This year’s results look very strange at first. We are seeing a higher number of fraud cases, but we are also seeing a decrease in the amounts lost. This may partly be explained by the fact that previous years saw a few extremely big cases that skewed the results. An alternative and equally plausible reason is that companies have stepped up their anti-fraud and compliance measures. This has enabled them to detect more cases, which explains the increase in the number of cases. They are also doing this earlier, which explains why the amounts lost are getting smaller.
There are basically three main perpetrators: professional criminals, fraudulent managers and employees. Professional criminals are more focused on playing on the trust of individuals and investors. Managers and employees who commit fraud tend to spot an opportunity or they are driven by financial problems.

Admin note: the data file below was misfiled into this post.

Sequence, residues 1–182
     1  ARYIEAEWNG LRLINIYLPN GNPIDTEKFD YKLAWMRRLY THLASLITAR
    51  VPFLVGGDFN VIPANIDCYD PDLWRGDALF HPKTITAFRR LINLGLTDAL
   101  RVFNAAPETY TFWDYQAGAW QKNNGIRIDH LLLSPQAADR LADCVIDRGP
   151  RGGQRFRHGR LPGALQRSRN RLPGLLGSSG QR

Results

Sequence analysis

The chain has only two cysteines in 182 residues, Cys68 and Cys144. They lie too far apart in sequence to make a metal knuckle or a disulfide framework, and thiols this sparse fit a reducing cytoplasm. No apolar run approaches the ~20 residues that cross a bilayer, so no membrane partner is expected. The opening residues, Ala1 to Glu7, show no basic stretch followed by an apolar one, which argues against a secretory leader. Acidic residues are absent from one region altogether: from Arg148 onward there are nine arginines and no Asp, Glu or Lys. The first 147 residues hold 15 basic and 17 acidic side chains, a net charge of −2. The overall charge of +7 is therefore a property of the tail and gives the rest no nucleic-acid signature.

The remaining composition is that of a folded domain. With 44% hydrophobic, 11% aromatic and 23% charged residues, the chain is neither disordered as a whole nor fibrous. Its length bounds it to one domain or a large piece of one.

Actually, all industries are affected. But the data seems to indicate a shift towards private individuals and not-for-profit organizations. This seems to indicate that a professional corporate environment makes it harder for fraudsters to strike.
Our data seems to indicate that anti-fraud measures and compliance measures have an effect on the prevention and earlier detection of fraud. Other research tends to back this up too. The saying “prevention is better than cure” is applicable here. We know for certain that setting up prevention measures is usually much, much cheaper than the average fraud case!
Ten years ago hardly any company in Switzerland had a whistle-blowing hotline. Today many companies have implemented certain prevention structures, such as hotlines, a code of conduct or improved compliance measure, in order to avoid fraud or at least discover it sooner. And detection time is crucial, because the longer a fraudster goes undetected, the worse the damage will be for the company.
The number of major cases of white-collar crime has increased year on year to 91, a record since KPMG started gathering data systematically in 2008.
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